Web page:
New website looks to expand opportunities for “diverse, next-generation” talent in the province’s thriving entertainment industry
But not everyone is getting into the game.
A 2019 labour market study conducted for Creative B.C. showed barely more than a third of below-the-line workers — that is, the artists, technicians, craftspeople, designers, drivers, performers and business managers who make up two-thirds of the workforce — were women, and just 15 per cent were visible minorities.
Those figures compare unfavourably with the overall workforce in the province, where 48 per cent are women and 29 per cent are visible minorities.
Called Creative Pathways, it offers up knowledge and networks to those seeking entry into TV, film and animation jobs, with a specific goal of greater equity for historically underrepresented communities.
“To be sustainable, competitive and to meet future growth needs, the film industry’s workforce must attract diverse, next-generation talent,” said Creative B.C. in a release launching the new resource.
“A retiring workforce and strong levels of production activity across the entire province are creating high demand for talent from tech, trade, business and the arts,” said Creative B.C. CEO and committee chair Prem Gill. “Creative Pathways supports recruitment and helps to ensure equitable access to exciting careers in film and television.”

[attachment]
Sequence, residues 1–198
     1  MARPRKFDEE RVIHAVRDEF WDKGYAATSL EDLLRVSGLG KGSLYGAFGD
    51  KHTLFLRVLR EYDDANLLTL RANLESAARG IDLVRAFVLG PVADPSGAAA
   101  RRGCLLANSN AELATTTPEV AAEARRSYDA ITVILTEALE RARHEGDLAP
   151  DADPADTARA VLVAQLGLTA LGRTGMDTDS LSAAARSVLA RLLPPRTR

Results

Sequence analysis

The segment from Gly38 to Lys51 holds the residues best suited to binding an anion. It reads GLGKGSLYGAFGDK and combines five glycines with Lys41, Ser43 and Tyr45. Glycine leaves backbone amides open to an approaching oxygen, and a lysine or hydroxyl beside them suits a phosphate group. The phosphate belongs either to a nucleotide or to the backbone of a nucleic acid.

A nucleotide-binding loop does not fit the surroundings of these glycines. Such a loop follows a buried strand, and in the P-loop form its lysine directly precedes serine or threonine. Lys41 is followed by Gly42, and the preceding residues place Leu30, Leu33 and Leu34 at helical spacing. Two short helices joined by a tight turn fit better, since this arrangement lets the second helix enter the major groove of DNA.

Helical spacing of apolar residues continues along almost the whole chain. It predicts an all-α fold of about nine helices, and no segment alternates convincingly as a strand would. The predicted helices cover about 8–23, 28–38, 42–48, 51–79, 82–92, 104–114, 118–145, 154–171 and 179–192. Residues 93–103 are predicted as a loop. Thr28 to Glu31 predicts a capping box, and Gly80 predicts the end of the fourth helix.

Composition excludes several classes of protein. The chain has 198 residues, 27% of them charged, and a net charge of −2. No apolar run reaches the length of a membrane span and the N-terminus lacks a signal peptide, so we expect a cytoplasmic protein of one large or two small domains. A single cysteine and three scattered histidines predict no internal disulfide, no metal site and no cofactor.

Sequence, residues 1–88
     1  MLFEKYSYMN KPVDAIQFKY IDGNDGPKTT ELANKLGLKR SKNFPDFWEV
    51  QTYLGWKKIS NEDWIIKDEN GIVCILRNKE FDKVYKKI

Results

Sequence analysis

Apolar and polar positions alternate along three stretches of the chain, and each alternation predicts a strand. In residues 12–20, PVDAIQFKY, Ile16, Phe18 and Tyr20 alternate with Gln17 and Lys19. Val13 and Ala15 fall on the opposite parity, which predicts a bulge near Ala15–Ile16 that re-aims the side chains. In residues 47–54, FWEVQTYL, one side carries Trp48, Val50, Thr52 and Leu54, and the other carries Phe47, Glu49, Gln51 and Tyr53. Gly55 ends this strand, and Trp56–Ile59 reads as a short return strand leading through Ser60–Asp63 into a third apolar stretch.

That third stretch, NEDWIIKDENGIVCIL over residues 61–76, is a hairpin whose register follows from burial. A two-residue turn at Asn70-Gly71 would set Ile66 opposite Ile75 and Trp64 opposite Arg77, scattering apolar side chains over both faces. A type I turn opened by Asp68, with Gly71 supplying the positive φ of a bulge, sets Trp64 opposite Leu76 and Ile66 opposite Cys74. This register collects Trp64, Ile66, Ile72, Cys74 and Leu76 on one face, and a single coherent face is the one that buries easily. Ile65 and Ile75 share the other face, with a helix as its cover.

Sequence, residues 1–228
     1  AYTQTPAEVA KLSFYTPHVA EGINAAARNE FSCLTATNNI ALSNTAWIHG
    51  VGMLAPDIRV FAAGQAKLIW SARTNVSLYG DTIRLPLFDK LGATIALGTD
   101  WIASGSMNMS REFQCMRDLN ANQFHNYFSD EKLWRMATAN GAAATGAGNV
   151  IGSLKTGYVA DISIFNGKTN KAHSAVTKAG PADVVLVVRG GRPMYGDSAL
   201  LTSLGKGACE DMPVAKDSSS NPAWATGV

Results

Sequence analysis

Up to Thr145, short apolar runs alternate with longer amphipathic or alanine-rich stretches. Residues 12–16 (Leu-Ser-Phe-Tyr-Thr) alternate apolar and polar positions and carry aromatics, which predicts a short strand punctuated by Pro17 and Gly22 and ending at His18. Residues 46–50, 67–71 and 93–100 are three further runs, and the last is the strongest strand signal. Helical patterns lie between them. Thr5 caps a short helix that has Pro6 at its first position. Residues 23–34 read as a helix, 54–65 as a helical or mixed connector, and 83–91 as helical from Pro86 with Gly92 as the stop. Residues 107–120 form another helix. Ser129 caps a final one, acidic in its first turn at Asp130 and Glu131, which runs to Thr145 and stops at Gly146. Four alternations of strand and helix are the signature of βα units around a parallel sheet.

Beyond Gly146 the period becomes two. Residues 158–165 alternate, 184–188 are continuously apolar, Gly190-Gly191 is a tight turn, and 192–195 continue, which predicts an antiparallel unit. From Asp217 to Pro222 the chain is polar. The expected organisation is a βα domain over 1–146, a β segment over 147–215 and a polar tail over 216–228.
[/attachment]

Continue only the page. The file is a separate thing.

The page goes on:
It will invite industry partners to host or join workshops and hiring meet-ups with qualified people looking to get into the business.
It outlines more than 300 job descriptions in 39 departments and disciplines in the entertainment industry, from entry-level to management. The information is “built by industry for industry.”
“B.C. is a major production hub for WarnerMedia in Canada,”says Karen Horne, senior vice-president for equity and inclusion at the studio, which is one of the new website’s industry partners.
“The creation of Creative Pathways is a game changer for people seeking careers in the motion picture industry, and will serve as a premier partner for our Access to Action Canada program,” which offers production assistant opportunities with the studio behind local shows like Batwoman, DC’s Legends of Tomorrow, The Flash and Riverdale.
WarnerMedia contributed $100,000 in seed funding for Creative Pathways, while a federal-provincial labour market partnership put up $500,000 for the launch.
Read the original article on the Vancouver Sun